The Woman in Black: movie review (+trailer)
'The Woman in Black' star Daniel Radcliffe gives a convincing performance, but the storyline of the film becomes less clear as the movie progresses.
Having coproduced "Let Me In" (the 2010 English-language remake of Sweden's "Let the Right One In"), Hammer Films – the premier producer of British genre films in the 1960s and '70s – continues its slow crawl out of the grave with "The Woman in Black," based on Susan Hill's 1982 ghost novel.
The main commercial selling point here is the presence of Daniel Radcliffe in his first major screen role after a decade portraying a certain young wizard in a series of eight rather successful films. (Can we make it through this review without explicitly mentioning Harry P ... Oops. I guess not.) In a bizarre, if trivial coincidence, the story was previously adapted for TV in 1989, with Radcliffe's role filled by Adrian Rawlins, who portrayed his father in the "Harry Potter" films.
"The Woman in Black," an adaptation of a book and London's second-longest-running West End play by the same name, is a haunted house tale, with all the requisite shock cuts and spooky off-screen noises. But, for some of us, the scariest moment occurs within the first five minutes, when a 4-year-old (Misha Handley) addresses Radcliffe as "Daddy." I know that time flies, but this feels like Mach 2 and then some.
The film is set around the turn of the century – not the recent one but the Victorian/Edwardian one. Radcliffe plays Arthur Kipps – a winking reference to the H.G. Wells hero, maybe? – a young lawyer whose once-promising career has been sinking ever since his beloved wife died in childbirth. He has never recovered from his grief: The first thing we learn is that he's suicidal and only keeps going on for the sake of the above-mentioned 4-year-old.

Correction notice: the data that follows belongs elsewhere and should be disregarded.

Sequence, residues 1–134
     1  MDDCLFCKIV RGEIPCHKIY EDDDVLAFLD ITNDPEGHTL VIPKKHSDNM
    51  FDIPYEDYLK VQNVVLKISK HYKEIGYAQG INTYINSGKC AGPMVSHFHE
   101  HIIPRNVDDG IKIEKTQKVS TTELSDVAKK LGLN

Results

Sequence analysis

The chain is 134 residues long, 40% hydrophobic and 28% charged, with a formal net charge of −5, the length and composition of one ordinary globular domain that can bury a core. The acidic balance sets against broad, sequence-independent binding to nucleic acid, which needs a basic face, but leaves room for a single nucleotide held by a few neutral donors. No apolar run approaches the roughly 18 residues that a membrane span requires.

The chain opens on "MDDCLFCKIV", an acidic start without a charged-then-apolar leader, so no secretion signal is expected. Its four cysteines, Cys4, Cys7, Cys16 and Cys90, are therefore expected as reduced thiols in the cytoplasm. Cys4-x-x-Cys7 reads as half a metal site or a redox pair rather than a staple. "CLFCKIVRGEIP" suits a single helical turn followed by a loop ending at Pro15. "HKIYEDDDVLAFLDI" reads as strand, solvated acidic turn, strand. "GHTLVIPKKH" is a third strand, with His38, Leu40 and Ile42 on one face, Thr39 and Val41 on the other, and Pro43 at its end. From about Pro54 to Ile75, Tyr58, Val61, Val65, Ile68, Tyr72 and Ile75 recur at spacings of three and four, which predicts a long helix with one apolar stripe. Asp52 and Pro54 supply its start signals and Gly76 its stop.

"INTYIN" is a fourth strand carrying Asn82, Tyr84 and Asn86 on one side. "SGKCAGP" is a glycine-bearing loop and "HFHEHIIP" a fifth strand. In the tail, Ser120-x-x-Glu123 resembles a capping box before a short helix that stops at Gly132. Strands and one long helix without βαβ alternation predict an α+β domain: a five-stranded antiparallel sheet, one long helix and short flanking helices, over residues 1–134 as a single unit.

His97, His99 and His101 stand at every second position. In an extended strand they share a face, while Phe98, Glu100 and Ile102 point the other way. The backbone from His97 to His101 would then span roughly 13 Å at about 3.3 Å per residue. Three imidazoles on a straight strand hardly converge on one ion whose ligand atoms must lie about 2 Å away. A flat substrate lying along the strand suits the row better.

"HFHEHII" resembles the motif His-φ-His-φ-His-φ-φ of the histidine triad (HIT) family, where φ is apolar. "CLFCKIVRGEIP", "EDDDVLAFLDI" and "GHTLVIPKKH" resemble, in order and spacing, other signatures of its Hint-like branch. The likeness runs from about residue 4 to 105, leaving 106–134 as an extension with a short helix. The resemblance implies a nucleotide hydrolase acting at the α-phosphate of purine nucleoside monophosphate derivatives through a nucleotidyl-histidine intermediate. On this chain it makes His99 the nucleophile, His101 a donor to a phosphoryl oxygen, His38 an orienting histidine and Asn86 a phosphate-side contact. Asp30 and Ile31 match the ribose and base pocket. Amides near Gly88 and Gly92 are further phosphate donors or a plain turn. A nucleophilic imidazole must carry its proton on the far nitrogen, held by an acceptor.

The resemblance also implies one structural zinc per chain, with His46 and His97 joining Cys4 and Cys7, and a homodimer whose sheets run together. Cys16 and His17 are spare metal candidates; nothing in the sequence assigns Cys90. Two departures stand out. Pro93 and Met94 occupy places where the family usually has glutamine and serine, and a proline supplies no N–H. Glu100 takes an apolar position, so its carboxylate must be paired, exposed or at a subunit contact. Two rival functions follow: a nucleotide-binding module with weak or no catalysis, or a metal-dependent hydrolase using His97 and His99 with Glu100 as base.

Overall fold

His long-dissatisfied employer gives him a final chance to save his job: He must go from London to the remote Yorkshire village of Crythin Gifford and straighten out the papers of an old woman who died without friends or heirs. On the train, he strikes up an acquaintance with the affable, well-to-do Sam Daily (Ciarán Hinds). Sam will be the last affable face – spectral or live – he sees for the rest of the movie.
The rest of the villagers are downright hostile and try to prevent him from going to the ominous-looking Eel Marsh House, which is cut off from the mainland during high tide. As everyone other than Arthur and Sam knows, Eel Marsh House is haunted by a vengeful spirit, a woman in – you guessed it – black. The mere fact of Arthur's presence seems to provoke her into murdering people in the village. (The mechanism here is central to the story and is never quite clear. It's as though Arthur is somehow bringing her back with him from the house – or something.)
Director James Watkins ("Eden Lake") uses all the traditional tricks – creaking sounds, doors mysteriously locked and unlocked, lights snuffed out, and the rest. To those, he adds devices more identified with the last decade or two of Japanese and Korean horror films and their American remakes ("The Ring," "Dark Water," "The Grudge"): glowering figures just glimpsed in the background when Arthur is looking the other way, indistinct black forms rising from nowhere, children's crayon art gone bad. Mostly it's effective, but he overuses the "sudden loud noise" shock tactic, and he crams in so much that the plot becomes less and less clear as we go along.
Radcliffe's fidgety performance is convincing, and he does come across as an adult, though a very young one. He wears stubble throughout. Perhaps Arthur doesn't trust himself with a razor so close to his jugular or maybe this was a fashion of the period. But likeliest it's to make Radcliffe look older.
The project was doubtless shaped to attract its star's adolescent and preadolescent female fan base. Many of them at my screening not only screamed numerous times right on cue but almost as many times without a cue. Grade: B- (Rated PG-13 for thematic material and violence/disturbing images.)